Women of America: Poems
Charlie Smith
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Buy *Women of America: Poems* online

Women of America: Poems

Charlie Smith
W.W. Norton
96 pages
September 2005
rated 4 of 5 possible stars
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Charlie Smith’s Women of America is a journey traveling both familiar and unfamiliar roads, the external and the internal, with incisive glimpses into the heart of a man who uses words as his compass:

I was thinking of a woman I loved,
who wouldn’t love me.
I thought I would never get past this,
and though it was obvious I would,
that we all do, I began to love the pain
that didn’t want to go away, and held on to it. (“Compared to What”)
Love is held to the light for careful examination, but more the love one used to know or the love yet to be captured, the act in constant transition as the author delves into his motivations and desires. There is no landscape that does not spark a memory of love or the wish for fulfillment. Both erotic and transcendent, these perfectly coupled phrases inspire introspection, a moment’s passage into shared emotions, a soulful recognition:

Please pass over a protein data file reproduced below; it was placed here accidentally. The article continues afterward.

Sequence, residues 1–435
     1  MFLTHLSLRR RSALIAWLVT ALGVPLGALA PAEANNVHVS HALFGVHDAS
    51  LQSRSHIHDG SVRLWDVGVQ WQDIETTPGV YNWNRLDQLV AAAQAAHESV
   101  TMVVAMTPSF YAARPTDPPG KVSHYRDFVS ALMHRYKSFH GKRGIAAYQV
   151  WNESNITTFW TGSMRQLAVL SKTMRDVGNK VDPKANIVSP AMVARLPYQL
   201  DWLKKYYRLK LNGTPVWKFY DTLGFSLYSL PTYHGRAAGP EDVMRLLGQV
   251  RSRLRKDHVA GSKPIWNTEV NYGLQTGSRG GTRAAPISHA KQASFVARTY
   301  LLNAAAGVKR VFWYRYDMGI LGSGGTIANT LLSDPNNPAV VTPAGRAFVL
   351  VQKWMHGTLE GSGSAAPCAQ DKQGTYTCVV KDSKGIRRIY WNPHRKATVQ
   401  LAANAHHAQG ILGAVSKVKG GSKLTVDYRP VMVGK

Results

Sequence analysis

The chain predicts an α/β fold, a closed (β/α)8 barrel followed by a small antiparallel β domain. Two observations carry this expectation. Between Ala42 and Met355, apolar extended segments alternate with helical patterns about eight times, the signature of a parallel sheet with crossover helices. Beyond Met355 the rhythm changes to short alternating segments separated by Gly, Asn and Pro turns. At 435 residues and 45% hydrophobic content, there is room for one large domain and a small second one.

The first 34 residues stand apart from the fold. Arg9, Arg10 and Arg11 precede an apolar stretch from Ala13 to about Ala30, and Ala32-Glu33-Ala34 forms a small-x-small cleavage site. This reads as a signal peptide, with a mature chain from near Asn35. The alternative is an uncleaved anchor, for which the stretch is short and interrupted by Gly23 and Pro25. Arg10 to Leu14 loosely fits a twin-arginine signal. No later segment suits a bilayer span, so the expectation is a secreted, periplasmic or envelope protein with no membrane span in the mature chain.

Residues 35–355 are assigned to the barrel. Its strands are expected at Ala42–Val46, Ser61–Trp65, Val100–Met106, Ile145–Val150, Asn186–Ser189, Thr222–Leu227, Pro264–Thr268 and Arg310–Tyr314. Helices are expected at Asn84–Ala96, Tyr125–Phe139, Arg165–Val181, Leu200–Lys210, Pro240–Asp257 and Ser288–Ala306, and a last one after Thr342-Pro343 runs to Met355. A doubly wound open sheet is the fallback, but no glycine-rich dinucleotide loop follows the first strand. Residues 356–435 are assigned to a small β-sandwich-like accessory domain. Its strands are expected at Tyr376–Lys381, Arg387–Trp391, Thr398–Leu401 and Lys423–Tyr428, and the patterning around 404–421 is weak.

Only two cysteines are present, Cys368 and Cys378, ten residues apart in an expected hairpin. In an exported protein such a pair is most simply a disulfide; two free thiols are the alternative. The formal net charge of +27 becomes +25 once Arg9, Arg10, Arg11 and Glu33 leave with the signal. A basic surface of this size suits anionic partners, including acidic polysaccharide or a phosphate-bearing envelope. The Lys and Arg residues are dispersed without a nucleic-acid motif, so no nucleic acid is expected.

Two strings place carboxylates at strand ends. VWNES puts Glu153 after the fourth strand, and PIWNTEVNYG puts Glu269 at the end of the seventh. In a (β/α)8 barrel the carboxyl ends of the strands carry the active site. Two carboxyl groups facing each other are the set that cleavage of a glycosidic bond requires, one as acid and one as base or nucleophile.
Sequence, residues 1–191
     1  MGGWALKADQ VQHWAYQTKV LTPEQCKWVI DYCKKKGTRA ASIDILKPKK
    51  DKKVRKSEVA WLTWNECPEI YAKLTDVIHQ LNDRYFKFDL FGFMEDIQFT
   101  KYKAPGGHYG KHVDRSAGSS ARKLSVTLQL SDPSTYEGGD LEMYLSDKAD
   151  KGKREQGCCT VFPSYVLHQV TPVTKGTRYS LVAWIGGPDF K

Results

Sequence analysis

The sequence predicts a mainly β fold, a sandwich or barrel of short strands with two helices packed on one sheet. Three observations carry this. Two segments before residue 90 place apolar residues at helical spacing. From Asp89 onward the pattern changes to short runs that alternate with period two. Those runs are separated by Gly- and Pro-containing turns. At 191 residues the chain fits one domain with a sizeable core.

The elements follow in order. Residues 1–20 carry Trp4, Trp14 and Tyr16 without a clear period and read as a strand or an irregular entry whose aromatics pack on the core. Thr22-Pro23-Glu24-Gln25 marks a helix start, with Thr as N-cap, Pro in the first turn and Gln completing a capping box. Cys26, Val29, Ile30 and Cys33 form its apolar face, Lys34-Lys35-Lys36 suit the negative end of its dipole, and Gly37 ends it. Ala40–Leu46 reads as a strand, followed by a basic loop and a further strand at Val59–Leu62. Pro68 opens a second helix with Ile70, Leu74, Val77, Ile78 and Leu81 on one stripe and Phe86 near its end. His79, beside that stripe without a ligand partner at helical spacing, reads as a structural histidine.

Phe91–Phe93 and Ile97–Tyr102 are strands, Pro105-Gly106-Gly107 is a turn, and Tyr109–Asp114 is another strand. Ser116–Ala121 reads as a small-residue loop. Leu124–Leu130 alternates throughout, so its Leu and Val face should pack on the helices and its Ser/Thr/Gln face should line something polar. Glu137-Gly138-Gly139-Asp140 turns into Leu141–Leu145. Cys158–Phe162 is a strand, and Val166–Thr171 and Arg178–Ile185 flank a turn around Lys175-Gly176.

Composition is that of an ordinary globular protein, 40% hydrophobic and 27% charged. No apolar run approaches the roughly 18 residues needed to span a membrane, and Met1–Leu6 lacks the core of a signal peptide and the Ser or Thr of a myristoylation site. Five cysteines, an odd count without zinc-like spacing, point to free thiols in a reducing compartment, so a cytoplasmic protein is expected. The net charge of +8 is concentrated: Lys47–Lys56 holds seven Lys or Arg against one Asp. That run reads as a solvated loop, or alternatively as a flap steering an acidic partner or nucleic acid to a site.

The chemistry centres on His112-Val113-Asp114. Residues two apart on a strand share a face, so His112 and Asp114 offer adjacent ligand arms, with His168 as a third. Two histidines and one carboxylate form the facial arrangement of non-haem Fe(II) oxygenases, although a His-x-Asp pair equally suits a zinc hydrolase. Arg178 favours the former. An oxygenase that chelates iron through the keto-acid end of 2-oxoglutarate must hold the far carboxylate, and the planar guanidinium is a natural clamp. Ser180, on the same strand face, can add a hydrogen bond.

“That is, darling, your turn will come.
I’d walk out on myself if I could.
I love the distant glow in the nighttime desert sky
like a worn yellow spot in the dark
everything might still slip through. (“Late Days: Outside Las Vegas”)
The images are extraordinary, the emotions stark, unflinching, revealing both the poignant and the painful, a self-examination without filters. He walks a worldly terrain where place becomes incidental to the truth exposed but where landscape serves as inspiration. And always the fading footsteps a love gone wrong or not yet known:
Dearest, they are tearing
down the movie theaters-
blackened areas in which
we clutched each other,
leaving marks. (“Talking to Whom”)
Throughout his wanderings, his mind returns again and again to the women who have shaped his heart, the incidental, the passionate, the forbidden, the lost and the mourned.

Originally published on Curled Up With A Good Book at www.curledup.com. © Luan Gaines, 2005

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